Nintendo wins piracy ruling, shuts down "fair use" argument in Italy
Nintendo prosecuted a distributor that enabled pirated games to run on its devices.
The First Instance Tribunal of Milan found that the Italian importer of such devices, known as circumvention devices, was guilty of the piracy. They continued by referring two more important questions to the Court Justice of the European Union (CJEU) based around whether NIntendo's use of security was proportionately justified.
The defendant, PC Box s.r.l, argued that Nintendo was preventing fair use of independent software that was designed to enable MP3 and other file types to run on the console and that the devices were not made to allow pirated software on Nintendo consoles.
However, the court stated that the circumvention devices were created with the purpose of illegally allowing pirated software. The court also decided that Nintendo's security measures were justified and weren't infringing upon Italy's copyright laws. Nintendo commented upon their victory:
"This decision is also entirely in line with several decisions from the Italian Supreme Court (Criminal Division) against sellers of circumvention devices as well as a recent ruling from the criminal appeal courts in Florence, which confirmed a first instance criminal decision, against the owners of PC Box."
"Nintendo is pleased that this ruling is consistent with a long line of judicial precedents established at national courts in a number of Member States including Belgium, France, Germany, Netherlands, Spain and the UK."
The case sets a precedent in Europe. Since this was the first time that a European Member State court has used the guidance of Europe's highest court (the CJEU), all the European Member States now have a framework to "assess whether such security measures are proportionate and, therefore, protected in law."
Not to mention, Nintendo added a warning to their fans:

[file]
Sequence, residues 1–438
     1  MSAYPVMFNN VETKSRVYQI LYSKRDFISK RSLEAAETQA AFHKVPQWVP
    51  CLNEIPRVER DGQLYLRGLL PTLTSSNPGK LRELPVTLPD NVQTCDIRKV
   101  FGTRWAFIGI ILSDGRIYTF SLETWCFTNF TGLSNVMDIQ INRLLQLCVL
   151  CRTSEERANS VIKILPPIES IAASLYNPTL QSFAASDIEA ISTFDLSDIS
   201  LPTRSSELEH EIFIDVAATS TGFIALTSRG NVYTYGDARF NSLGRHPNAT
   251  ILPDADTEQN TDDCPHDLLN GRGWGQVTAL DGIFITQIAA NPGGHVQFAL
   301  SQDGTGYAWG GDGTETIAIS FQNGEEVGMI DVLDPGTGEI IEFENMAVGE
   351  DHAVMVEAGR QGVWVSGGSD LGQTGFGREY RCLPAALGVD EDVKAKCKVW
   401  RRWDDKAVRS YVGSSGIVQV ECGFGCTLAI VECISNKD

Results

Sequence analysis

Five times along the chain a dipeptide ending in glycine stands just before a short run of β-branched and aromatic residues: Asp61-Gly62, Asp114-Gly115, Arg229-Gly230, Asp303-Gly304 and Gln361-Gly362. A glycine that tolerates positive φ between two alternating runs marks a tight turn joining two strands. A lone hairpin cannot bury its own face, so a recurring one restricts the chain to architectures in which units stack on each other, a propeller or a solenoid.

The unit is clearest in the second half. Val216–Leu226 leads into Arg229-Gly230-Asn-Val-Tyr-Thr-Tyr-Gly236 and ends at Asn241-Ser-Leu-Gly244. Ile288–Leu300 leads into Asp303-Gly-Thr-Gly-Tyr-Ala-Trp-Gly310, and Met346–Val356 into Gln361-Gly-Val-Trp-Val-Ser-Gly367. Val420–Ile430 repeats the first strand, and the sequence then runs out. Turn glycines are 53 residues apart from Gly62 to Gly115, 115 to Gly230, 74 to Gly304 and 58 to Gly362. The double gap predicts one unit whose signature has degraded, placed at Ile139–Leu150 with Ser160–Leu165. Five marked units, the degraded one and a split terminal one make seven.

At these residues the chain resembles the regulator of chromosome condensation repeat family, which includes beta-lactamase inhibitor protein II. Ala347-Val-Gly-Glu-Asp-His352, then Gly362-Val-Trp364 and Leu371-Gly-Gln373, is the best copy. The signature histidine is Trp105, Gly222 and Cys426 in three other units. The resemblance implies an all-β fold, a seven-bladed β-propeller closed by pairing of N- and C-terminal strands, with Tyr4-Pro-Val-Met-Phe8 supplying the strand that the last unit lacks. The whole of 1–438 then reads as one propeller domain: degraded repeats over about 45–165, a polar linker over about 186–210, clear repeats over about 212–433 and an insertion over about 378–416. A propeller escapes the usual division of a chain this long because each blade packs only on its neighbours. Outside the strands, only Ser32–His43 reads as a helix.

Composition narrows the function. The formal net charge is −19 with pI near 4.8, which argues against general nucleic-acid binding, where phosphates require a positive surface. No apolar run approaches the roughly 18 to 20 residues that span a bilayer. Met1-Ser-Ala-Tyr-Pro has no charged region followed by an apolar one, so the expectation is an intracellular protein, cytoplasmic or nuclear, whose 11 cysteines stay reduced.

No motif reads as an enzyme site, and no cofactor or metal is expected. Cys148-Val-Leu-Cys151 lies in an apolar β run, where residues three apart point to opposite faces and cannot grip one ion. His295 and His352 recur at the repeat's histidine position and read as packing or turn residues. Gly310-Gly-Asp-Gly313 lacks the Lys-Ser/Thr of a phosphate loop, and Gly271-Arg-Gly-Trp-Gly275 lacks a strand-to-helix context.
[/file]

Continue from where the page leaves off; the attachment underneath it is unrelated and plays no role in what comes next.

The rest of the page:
"Don’t fund piracy by purchasing these devices and stay out of the business of selling them.”
Nintendo is serious about stopping piracy and with such a victory over circumvention devices, it is likely that other companies struggling with similar issues will follow in their footsteps.
What do you think of the case? Are you happy Nintendo is winning the war against piracy or do you think there will be unforeseen consequences? Or did you think the PC Box didn't intend to pirate Nintendo's game as claimed to be doing? Be sure to let us know in the comments below!
MathenautNovember 17, 2015, 9:26 amThis isn't good.
There are worlds of reasons why someone would pirate a game and for so many of the usual arguments against it, few are substantial. There is accredited academic work behind the nature and culture of piracy that testify against the claims of the usual suspects and those who uncritically balk at the notion of how copying isn't theft, much less that IP isn't actual property.
That said, this will have the predicted effect and trend that it always does and will ultimately lead to pursuit against anything remotely implied to be rumored capable of doing something not designed by the local manufacturer.
They'll come for your emulators and foreign ports soon enough.
David FisherNovember 16, 2015, 1:39 pmFeatured ColumnistFirst question... What the heck is PC Box? I just think of Pokemon...
Second: Any piracy is bad. If you like a game, support it. If you don't, then don't pirate it. There is no legitimate reason to ever pirate a video game, especially from the company who makes the cheapest available mainstream video games on the market!